MicroGeneSys quandary: Stay or go?
By Kris Herbst
Contributing Editor

WASHINGTON - MicroGeneSys Inc., no longer the exclusive beneficiary of a $20 million appropriation to test its AIDS vaccine and unhappy with the probable conditions of an NIH-run comparison trial of several competing products, now has to decide whether it wants to participate.

The Department of Defense last week finally agreed to transfer the $20 million from the Army, once earmarked for an exclusive trial of MicroGeneSys' gp160 therapeutic vaccine, to the National Institute of Allergy and Infectious Diseases, the NIH organization which conducts AIDS research.

The inter-agency agreement may have resolved a fractious dispute over the funds, which were appropriated by Congress after a high-level lobbying effort on behalf of the company last fall. Health and Human Services, the NIH and FDA considered the appropriation an end-run around established scienctific and agency procedures.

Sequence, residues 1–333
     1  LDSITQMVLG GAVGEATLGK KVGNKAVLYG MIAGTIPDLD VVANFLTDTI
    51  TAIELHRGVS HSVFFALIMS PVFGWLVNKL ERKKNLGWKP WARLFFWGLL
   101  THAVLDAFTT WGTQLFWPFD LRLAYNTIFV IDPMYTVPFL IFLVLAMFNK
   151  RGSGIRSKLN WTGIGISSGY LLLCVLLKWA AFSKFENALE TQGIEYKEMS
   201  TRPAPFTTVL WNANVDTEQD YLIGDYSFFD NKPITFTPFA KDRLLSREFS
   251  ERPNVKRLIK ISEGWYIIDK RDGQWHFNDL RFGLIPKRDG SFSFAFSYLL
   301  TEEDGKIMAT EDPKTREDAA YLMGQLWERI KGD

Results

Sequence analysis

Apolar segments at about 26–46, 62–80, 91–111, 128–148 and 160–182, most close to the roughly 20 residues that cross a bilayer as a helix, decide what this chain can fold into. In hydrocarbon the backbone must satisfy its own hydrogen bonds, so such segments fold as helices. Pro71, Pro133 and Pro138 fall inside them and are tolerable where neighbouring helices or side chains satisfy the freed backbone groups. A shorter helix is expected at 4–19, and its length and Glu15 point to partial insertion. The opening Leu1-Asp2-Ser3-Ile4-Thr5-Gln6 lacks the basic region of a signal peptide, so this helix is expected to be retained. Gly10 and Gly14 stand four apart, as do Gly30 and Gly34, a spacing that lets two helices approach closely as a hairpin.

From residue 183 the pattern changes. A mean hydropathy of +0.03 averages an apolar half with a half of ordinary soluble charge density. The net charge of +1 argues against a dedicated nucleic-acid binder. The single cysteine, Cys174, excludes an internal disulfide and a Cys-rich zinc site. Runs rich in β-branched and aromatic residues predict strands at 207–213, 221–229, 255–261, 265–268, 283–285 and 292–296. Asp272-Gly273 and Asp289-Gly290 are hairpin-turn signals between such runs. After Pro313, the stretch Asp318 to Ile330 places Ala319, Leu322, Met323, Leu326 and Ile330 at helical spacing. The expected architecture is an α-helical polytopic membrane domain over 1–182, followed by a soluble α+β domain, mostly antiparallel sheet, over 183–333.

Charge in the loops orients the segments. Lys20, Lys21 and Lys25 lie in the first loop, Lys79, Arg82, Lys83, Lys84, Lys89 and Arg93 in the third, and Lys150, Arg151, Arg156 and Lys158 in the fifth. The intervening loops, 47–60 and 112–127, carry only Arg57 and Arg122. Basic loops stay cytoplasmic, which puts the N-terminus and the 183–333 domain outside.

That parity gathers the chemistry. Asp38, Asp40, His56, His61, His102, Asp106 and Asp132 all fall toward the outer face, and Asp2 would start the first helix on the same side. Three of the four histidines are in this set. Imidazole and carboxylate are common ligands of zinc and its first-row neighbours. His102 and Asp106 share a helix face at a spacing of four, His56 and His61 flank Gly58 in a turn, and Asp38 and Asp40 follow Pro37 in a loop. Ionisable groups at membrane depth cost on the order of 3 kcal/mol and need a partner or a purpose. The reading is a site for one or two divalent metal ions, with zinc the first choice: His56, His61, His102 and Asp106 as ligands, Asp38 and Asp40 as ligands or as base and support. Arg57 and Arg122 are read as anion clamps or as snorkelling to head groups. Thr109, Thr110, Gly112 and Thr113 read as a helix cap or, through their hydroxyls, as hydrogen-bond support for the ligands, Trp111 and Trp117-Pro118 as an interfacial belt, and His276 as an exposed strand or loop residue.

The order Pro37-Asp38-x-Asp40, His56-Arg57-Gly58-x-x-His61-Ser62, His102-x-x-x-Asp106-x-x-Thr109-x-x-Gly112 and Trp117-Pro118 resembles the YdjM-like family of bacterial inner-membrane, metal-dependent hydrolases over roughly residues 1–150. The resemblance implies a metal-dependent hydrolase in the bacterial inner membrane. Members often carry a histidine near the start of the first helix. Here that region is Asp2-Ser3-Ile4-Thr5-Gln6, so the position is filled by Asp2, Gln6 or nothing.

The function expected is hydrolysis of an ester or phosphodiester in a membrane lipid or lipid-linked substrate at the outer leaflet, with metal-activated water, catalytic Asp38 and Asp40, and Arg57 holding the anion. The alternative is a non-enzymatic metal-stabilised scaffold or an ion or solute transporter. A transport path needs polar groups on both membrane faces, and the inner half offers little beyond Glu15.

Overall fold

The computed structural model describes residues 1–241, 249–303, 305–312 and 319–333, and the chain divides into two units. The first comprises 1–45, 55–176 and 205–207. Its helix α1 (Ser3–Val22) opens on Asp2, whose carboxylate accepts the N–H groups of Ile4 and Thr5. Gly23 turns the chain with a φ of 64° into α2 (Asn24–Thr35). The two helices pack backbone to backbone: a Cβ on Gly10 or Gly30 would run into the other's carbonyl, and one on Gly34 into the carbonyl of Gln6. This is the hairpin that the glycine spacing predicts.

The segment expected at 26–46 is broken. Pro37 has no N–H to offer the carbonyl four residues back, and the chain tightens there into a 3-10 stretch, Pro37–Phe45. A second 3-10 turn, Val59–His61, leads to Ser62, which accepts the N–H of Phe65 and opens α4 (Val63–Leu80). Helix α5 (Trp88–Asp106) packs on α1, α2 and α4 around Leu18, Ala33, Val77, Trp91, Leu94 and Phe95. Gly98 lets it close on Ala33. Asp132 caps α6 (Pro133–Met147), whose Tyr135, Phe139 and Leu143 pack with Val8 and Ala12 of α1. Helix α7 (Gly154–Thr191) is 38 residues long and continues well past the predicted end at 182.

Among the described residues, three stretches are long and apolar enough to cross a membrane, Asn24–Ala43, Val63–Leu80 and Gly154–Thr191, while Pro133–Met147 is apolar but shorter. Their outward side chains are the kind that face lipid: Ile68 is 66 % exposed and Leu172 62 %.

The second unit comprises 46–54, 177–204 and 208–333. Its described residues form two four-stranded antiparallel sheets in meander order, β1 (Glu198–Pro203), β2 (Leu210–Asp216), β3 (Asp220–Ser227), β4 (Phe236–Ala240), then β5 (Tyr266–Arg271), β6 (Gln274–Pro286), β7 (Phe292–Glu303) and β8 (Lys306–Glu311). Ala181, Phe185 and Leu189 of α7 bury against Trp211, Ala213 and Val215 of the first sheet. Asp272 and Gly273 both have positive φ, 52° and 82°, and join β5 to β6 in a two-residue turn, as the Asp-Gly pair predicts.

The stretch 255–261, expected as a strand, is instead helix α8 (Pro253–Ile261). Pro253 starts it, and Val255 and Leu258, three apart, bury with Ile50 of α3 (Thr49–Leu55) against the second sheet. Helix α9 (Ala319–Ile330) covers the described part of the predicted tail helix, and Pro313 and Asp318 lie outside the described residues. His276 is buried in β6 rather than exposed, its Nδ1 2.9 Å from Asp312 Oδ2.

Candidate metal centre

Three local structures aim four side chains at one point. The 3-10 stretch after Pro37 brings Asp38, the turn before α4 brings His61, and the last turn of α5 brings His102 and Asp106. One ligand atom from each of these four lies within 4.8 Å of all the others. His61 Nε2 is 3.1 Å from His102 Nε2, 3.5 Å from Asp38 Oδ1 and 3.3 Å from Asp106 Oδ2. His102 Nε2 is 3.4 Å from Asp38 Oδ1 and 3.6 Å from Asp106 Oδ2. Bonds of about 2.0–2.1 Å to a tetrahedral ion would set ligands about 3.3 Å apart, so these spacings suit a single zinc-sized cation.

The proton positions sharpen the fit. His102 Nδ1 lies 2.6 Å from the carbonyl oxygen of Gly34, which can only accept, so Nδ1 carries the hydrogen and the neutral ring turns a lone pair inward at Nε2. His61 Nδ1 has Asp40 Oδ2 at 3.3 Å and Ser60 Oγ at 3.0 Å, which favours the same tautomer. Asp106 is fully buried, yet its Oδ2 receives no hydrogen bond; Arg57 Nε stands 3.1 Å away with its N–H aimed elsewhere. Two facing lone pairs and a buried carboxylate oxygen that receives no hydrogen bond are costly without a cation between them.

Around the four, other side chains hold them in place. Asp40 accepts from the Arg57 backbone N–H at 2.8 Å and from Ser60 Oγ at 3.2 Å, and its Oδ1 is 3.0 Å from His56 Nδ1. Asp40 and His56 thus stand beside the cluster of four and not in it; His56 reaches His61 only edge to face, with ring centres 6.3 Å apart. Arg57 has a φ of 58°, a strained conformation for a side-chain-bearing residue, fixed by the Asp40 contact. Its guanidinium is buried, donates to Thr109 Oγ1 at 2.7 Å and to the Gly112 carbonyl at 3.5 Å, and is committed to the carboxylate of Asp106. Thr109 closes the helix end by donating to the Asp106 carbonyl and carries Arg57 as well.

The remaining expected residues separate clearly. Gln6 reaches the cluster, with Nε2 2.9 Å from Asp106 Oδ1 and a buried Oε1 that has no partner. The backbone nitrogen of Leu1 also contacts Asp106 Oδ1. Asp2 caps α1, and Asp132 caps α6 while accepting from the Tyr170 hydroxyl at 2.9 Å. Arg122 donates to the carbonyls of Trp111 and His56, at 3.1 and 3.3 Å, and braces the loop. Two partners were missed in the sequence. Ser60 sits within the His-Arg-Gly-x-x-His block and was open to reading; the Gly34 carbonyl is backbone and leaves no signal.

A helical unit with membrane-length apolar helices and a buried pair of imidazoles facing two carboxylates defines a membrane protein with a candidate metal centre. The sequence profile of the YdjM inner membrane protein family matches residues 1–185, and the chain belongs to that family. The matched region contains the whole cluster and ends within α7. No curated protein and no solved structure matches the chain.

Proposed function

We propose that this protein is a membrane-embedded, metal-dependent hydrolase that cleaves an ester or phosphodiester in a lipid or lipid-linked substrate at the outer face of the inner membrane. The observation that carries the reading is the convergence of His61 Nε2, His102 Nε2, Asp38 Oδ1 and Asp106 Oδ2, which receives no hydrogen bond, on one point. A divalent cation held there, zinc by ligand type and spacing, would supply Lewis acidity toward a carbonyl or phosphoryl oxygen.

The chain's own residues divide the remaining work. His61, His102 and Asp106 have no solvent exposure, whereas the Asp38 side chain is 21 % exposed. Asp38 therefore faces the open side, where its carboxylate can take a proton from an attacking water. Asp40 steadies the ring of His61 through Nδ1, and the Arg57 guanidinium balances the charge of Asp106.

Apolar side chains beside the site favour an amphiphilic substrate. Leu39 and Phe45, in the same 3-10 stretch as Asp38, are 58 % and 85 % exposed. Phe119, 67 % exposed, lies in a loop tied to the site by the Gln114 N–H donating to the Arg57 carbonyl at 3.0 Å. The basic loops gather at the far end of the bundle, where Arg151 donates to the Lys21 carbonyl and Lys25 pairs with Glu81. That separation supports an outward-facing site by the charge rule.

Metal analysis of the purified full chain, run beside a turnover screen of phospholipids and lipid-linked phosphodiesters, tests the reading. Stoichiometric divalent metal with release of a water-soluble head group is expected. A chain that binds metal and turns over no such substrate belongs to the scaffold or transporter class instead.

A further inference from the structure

Mary Jane Walker, a NIAID spokesperson, could not estimate when the trial will begin. But she said NIAID "clearly needs to see evidence from our ACTG 209 trial, which will probably be available in about six months." The trial involves Genentech Inc.'s gp120 vaccine.

NIAID has not decided which specific vaccines will be used. But it plans to use a protocol recommended unanimously by an NIH gp160 review panel that was convened in February by NIH Director Bernadine Healy, Walker said.

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